Copyright Curiosities

In reading about the laws of copyright in regards to my work, I both confirmed things I already knew, and learned quite a bit more than that.

I already knew that copyrighted work is illegal to use without the owner's consent, and that copyright needs to be claimed prior to unauthorized reproduction in any way, else it is forfeited. 

What I did not know is the following:

  • That while it is not required to file copyright legally with the U.S. Copyright Office in order to claim copyright, filing with them makes it easier and more straightforward to fight unauthorized use of your art.
  • Selling a work does not equate to selling your copyright.  The new owner of the work is still required to get your permission to reproduce it in any way.
  • It is possible (and in many cases necessary) to provide a limited use of copyright without giving it up entirely.  For example, if a museum purchases my work, they may need to reproduce imagery of it for promotional needs, but I might not want them to use images on promotional sales materials like coffee mugs or t-shirts for profit without gaining some benefit myself, so that would be a different contract agreement.
  • Legalese is extremely difficult to navigate, and if I am working with contracts (likely), I should consult a lawyer to ensure I am getting what I need out of the deal as much as the customer/client is.
  • If I want to retain copyright for work I create specifically for a client's needs, I need to discuss this with the client prior to any work being completed, and come to an agreement ahead of time with a signed contract specifying the parameters of the copyright.  Otherwise it will likely fall entirely to the client, and I may be liable if I use the work for any other purpose.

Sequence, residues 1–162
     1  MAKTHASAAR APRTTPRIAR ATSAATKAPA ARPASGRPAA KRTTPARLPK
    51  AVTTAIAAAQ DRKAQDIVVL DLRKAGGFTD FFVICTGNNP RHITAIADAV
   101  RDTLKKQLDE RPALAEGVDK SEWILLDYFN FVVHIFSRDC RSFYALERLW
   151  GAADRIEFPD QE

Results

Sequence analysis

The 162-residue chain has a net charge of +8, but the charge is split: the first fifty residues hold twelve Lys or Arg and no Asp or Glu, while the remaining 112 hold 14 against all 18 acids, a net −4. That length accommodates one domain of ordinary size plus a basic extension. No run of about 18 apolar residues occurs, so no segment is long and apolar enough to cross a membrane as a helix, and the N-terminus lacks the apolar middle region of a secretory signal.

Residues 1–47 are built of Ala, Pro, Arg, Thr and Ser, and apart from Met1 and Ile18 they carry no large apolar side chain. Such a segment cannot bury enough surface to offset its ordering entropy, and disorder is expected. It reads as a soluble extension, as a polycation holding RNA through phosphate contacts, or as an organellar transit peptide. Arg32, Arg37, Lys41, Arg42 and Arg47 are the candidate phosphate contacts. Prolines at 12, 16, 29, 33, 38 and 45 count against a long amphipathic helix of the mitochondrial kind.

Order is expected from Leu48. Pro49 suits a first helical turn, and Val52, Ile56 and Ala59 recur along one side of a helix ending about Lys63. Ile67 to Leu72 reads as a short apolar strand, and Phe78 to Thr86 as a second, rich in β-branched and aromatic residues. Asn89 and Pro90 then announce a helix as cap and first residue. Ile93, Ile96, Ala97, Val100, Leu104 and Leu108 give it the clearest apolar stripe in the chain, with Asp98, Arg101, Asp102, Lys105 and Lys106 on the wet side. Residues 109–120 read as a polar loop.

• If someone wants to use any or all of a work for a product (such as a movie or a postcard), that requires a licensing agreement, also written, and usually a fee will be negotiated for the use of the image.
  • Fair use allows my imagery to be used in certain circumstances without need for my permission, such as for educational purposes. 
    • I was completely unaware that using a copyrighted image in your art can be deemed infringement even if you are not going to sell it.  I wonder how this applies to royalty-free purchased clipart or stock photography?  Or pre-created Photoshop brushes?  Does the fact that I purchased it as stock photography mean that I can use it however I please?  That was certainly my understanding before now...
  • There is a possible Orphan Works act in the works that, if made legal, will make it so that as long as an artist can show reasonable attempts at contacting the copyright owner, if they prove extremely difficult or impossible to reach, the work will be deemed an Orphan Work and copyright will not apply.
  • Moral Rights allow protection of my work from mutilation or outright destruction without notification, and this right can only be transferred by written agreement.
  • Collaboration artwork allows copyright for all participants unless otherwise agreed upon in writing prior to any creation of the finished product.

Suffice it to say, there was a lot I did not know prior to examining this topic, and I consider myself thoroughly educated on the fact that there is a lot left to learn. Navigating these waters is going to be interesting in the future.  In my opinion the majority of copyright law seems to be ethical and straightforward, if a little murky around the edges in some cases (particularly fair use). For the most part, however, I am glad to be aware of it.